Real Life Super Powers?

Real Life Super Powers?

 If you’ve followed me at all, you may have heard my story about writing a fictional book, then finding out people around me had the same crazy powers as the characters in my book. Since I keep getting asked, I thought I’d share how it all went down.

First, let me explain that I’m about as normal and scientific thinking as a person can get. Or at least I used to be, until all this happened. Although I guess I should also clarify that even though I like things to be explained by science, I also have a huge imagination (hence the whole fiction-writer thing). Maybe the combination of being both practical in real life but fanciful in my imagination gave me the ability to put all the pieces in place?

How about I tell the story and you can decide?

First the book. The main character, Mira, is a girl who visits earth from another planet. Very much humanoid, except that she is telepathic and empathic. (Those were not the words I used to describe her though, since I didn’t even know the meaning of that second word). Jesse is from earth, but not like the other boys. In addition to being a loner, he’s musically gifted. He hears music in his head. Sometimes it torments him. But he’s able to create hauntingly brilliant music.

The snippets from this scene describes Jesse: (He’s setting up the sound system at a dance, and brought Mira to see.)


“That’s your stuff?”

“Yeah, it’s usually in my room. Along with my sound mixer, keyboard, drums, guitars…” He smiled wistfully as dancing lights streamed across his face. “There’s hardly any room for my bed. I wanted to show you yesterday. But we never made it that far.”

“I had no idea.”

He shrugged, embarrassed, then took a wide step to the side, dipping me slightly. “It’s just what I do.”

“But if you’ve been in here today, why didn’t Camille and Lacey see you?”

He shrugged. “I tend to be invisible. Even to them.”

My heart ached for his loneliness. “This song,” I said, “it’s yours, isn’t it?”

“I worked on it this summer, while trying to stop the noise. I didn’t really understand it, until I saw you that first day.” He touched my chin with his finger, drawing my face up to his. “I knew immediately it was for you.” 

[…] (Skipping some spoiler stuff here)

The room circled around us, lights falling across our intertwined bodies. The rich musical notes surrounded us in full crescendo. The world and all the forces pulling against us fell away in that bright, singular moment.

I imagined him in his bedroom, tormented and desperate, composing and playing each of those harmonic parts separately then blending them together. Even on my world he would be considered brilliant.


So that’s Jesse. He’s kind of awesome.

But here’s where it gets weird. I wrote all that when my son was 13 and a pretty normal kid. A year later though, he started to struggle. Grades & friends both dropped out. Then one day he asked me if he could learn to play the piano. He sat down to the piano for the first time, and I spent about ten minutes showing him around. Then I left for about four hours. When I got home, he was playing better than I could even dream of playing with my decade of lessons.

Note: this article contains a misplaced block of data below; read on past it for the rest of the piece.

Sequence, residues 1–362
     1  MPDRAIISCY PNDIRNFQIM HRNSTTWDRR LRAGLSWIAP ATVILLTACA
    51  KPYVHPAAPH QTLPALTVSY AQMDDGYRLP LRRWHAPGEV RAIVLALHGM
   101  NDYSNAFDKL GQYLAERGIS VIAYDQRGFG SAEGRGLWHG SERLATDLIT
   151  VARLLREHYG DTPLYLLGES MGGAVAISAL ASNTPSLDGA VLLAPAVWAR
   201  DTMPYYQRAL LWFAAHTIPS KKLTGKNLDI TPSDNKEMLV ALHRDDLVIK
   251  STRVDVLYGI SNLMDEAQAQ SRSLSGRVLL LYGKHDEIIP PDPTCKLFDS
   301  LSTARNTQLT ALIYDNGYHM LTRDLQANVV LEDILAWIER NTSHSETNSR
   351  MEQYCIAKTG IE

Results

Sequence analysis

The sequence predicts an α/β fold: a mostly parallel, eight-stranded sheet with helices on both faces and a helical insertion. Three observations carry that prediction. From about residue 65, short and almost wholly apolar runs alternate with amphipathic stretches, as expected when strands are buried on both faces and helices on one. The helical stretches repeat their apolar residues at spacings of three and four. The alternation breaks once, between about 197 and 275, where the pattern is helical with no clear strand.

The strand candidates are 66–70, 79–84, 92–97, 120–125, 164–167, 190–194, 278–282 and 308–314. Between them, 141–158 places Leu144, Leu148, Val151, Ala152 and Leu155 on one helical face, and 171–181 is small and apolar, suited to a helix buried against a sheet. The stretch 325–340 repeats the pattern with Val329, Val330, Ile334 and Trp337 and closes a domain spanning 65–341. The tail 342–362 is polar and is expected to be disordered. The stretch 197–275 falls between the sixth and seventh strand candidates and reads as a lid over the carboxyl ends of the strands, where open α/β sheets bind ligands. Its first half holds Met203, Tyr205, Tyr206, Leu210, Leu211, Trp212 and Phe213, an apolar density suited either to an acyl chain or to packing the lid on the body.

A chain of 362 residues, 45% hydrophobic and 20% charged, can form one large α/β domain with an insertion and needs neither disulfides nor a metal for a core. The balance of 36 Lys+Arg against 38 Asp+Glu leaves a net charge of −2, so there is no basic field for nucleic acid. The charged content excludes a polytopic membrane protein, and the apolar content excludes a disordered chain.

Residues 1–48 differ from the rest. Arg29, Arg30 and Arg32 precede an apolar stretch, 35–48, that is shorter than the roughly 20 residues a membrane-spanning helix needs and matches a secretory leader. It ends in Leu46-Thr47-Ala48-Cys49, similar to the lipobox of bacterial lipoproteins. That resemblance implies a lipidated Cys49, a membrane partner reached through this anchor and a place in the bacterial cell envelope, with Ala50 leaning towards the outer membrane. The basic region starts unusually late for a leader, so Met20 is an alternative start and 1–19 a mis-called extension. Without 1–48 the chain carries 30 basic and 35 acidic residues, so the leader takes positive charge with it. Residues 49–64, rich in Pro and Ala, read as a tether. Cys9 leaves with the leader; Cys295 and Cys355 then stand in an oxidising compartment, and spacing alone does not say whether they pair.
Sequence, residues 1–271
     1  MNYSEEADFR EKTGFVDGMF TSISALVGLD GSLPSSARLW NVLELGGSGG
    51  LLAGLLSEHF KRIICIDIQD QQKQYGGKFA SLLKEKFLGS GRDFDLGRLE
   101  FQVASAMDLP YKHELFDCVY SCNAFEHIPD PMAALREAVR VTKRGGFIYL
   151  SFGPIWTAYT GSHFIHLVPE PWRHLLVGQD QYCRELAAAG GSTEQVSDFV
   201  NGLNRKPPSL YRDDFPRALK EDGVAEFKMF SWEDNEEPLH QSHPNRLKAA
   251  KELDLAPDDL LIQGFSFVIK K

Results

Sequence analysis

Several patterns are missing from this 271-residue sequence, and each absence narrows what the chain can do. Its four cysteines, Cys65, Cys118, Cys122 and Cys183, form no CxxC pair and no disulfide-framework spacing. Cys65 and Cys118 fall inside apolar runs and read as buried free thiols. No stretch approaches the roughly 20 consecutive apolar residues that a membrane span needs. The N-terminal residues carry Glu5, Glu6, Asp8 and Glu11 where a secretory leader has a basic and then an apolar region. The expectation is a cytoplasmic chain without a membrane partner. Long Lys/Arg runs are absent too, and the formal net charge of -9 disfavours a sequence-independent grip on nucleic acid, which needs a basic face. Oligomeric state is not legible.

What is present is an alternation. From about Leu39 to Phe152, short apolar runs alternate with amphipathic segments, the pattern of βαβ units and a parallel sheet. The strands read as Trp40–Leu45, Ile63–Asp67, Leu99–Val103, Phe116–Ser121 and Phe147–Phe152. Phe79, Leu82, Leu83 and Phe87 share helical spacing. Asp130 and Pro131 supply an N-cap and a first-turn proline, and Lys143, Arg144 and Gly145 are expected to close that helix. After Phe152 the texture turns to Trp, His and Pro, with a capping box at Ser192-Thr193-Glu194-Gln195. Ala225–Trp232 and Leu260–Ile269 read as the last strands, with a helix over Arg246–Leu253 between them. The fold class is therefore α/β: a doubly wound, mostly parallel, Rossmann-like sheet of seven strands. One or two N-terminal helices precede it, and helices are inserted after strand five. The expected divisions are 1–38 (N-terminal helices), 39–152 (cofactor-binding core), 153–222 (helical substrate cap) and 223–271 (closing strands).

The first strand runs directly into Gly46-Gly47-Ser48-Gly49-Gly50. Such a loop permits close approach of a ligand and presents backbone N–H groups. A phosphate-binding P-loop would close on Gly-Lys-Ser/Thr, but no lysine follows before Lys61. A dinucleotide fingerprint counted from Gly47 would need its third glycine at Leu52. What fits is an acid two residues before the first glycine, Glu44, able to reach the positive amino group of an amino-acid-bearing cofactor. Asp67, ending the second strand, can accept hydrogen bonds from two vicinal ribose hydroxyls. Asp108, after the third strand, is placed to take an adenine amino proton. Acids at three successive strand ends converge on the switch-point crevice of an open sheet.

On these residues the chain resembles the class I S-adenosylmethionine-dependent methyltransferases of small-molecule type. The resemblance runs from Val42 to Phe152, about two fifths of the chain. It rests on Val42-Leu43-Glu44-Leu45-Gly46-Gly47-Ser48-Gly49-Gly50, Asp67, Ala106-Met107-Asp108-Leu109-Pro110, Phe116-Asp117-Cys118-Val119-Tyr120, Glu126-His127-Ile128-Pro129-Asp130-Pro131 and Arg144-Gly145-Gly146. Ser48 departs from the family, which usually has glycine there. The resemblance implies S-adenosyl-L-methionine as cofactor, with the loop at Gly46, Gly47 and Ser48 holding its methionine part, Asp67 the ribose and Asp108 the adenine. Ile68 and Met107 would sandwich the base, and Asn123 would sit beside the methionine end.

It wasn’t long before his room looked just like Jesse’s – filled with all kinds of musical equipment. He’d disappear into his room and churn out the most haunting lyrics. But he never wanted anyone to hear. And the rest of his world didn’t improve. So, I found a lady who is kind of a counselor for musicians and asked her to help me figure out my son.

After her first visit with him, she told me that he’s empathic. Now you might be thinking, “Of course he is.” Or you might be like me and have no idea what that means. When she explained that empaths feel other people’s emotions like their own, my response was. “That’s not real stuff. That’s fiction. I should know.”

And there was more. Not only does he sense emotions, but he HEARS other people’s energy like a song. The things he plays are just the sounds he hears.

Holy crap. Where have I heard that before?

At first I just laughed and decided we’d wasted a few coins on psycho lady.

But no. It was true. Once we knew what to look for, we could see it as plain as day.

And while I love that he can create hauntingly beautiful music with almost no effort, it was tormenting him, just like it did Jesse.

So I went in search of solutions.

What I learned is that he is not unique. There are people all over the world who seem to know things they never learned. And who have unbelievable skills.

In fact – you’ve probably figured this out, but it was years before I did a head thump and went, “How did I know something that didn’t yet know?” (Yes, even I have some super powers). 

Turns out it happens all the time. People who sense things before they happen. Or are hyper aware of their surroundings and other people’s emotions. And the numbers are increasing.

The cause? There are a ton of theories. I have mine. I’ll save those for my next post.

For now though, that’s my story.

Super powers are real guys. There, I said it. And so is kryptonite. Because when things are too powerful, or confusing, you can literally shut down. 

Oh, and in case you’re wondering. My son is doing much better. He works at a music studio and volunteers his time working with young people. And when I’m really lucky he’ll play me a song. 

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